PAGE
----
Inhabits woodland edge and clearings in open, mainly deciduous woodland. It is also found in open unimproved grassland/bracken habitats. Violet leaves provide food for pearl bordered fritillary caterpillars. The Highlands, Argyll and Perthshire are particularly important for this butterfly. A decline in traditional woodland management practices, such as coppicing, has led to the loss of the open areas or clearings that are favoured by this species. This loss of habitat has led to a rapid fall in the population and distribution of this butterfly. However, in a number of Scottish glens with grazed open birch/oak woodlands and some bracken, it is locally common.
Photo: Butterfly Conservation

Grazing within woods generally inhibits natural regeneration; often seedlings appear only to be repeatedly grazed off. The woodland will gradually thin out as old trees die and eventually disappear. Heavy grazing in woods for long periods will also affect plants growing on the woodland floor, bringing about changes in the insect, animal and bird populations.

However, in the early stages of management for natural regeneration, cattle grazing can be used to break up the sward and create sites for seeds to germinate. This should be carried out in the first year of management, preferably just before seed-fall. It may be beneficial to reintroduce stock again a few years later to create more disturbance to allow seeds to germinate better. Livestock may also assist regeneration on sites with light to moderate bracken cover. Fencing off areas adjacent to the existing woodland could encourage woodland expansion outwith the current woodland boundary. Where growth has been held in check by grazing, stock exclusion may initiate rapid and prolific regeneration.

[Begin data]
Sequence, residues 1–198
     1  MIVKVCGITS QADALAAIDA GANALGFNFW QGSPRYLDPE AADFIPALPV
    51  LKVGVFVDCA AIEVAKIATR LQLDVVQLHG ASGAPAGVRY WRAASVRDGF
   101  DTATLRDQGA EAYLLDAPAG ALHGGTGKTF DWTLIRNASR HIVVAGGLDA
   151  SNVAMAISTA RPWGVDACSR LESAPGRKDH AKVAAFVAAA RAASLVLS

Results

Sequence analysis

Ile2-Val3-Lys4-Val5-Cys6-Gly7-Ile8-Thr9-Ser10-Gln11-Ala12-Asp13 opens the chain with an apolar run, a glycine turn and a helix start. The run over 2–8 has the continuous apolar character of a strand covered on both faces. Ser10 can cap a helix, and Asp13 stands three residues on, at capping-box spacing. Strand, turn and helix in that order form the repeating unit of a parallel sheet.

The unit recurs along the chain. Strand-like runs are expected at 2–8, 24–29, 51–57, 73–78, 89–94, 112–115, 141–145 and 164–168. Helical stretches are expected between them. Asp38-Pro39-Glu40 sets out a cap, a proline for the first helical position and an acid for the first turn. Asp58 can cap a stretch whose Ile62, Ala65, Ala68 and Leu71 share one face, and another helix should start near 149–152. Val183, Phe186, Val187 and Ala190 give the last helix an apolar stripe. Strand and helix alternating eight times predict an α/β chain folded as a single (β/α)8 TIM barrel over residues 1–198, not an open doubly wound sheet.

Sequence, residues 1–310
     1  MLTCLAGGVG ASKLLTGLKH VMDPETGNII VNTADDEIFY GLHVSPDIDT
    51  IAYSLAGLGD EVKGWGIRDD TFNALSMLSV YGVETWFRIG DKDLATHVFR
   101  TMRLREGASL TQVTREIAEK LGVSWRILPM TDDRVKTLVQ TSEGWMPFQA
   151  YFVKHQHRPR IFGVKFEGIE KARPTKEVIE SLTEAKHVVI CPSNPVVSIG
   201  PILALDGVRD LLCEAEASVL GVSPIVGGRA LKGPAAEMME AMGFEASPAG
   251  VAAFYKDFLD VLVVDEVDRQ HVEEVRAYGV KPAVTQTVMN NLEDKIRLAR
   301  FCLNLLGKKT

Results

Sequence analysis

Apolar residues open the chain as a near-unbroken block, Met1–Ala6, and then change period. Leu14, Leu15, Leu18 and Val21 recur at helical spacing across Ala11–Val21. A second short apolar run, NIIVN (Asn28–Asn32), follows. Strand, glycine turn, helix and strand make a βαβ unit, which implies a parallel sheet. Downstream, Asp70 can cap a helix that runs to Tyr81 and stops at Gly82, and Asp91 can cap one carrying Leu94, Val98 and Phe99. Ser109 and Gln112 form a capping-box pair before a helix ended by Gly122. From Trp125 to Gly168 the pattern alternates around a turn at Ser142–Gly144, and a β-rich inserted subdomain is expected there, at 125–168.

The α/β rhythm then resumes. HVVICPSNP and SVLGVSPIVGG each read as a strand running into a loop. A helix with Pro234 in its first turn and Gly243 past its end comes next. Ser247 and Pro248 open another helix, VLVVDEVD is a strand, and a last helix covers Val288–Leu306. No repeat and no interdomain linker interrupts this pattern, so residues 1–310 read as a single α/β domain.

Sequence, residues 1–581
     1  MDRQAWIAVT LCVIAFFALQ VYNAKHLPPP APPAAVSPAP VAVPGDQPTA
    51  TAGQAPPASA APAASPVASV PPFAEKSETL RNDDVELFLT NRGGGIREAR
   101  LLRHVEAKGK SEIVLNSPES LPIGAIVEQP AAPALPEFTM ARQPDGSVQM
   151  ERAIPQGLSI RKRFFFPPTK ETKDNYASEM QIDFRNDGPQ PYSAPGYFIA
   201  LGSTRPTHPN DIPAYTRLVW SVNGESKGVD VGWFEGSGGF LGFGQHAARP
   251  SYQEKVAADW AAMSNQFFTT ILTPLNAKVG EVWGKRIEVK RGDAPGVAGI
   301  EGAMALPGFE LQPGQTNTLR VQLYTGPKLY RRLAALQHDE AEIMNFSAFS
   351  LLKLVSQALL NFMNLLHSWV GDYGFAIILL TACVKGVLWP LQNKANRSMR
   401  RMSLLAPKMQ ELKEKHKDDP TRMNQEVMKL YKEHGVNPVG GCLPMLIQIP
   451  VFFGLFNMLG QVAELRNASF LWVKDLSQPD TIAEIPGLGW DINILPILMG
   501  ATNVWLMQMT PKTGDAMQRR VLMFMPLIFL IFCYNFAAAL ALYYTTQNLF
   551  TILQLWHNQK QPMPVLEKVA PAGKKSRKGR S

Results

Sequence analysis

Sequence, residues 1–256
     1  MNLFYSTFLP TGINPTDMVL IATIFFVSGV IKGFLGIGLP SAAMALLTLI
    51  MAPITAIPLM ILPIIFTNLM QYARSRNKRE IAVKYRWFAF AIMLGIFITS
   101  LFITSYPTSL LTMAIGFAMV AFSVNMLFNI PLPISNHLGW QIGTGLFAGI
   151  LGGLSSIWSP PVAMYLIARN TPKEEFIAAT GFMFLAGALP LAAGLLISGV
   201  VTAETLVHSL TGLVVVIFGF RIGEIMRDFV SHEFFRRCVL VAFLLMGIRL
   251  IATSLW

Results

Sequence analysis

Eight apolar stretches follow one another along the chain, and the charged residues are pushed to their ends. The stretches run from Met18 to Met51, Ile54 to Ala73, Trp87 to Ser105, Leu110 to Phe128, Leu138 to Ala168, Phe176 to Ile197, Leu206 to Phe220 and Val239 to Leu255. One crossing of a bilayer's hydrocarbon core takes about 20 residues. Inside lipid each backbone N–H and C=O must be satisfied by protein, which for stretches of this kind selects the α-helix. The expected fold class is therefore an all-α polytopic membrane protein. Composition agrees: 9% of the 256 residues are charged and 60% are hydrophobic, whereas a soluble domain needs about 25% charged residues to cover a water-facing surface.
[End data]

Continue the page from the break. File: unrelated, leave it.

Judging whether a site will regenerate naturally and what management may be required needs close observation and experience. Where there is doubt, it is usually best to seek advice (refer to Part 1, Section 5 of this booklet).

  • Standing dead timber must not be felled and dead timber must be left in the woodland.
  • Individual young trees must be provided with tree shelters where necessary.
  • Written confirmation must be obtained from the Forestry Commission that no appropriate Forestry Commission assistance is available to achieve the same outcome as this RSS management option.
  • Where the planting of small trees will serve to extend or enhance this habitat, native species appropriate to the site must be used and, where possible, local provenance stock.
  • Individually planted young trees must be provided with tree shelters where necessary.

woods

  • If the woodland is to continue to serve the dual purpose of providing shelter and enhancing biodiversity, long-term and skilled management is essential. It may, for example, be necessary to carry out selective coppicing or thinning work in order to allow sunlight to penetrate the woodland canopy and ensure the survival of understorey and shrub layer plants. Please refer to Section 5, headed "Advice?" in Part 1 of this booklet for sources of specialist advice on woodland management.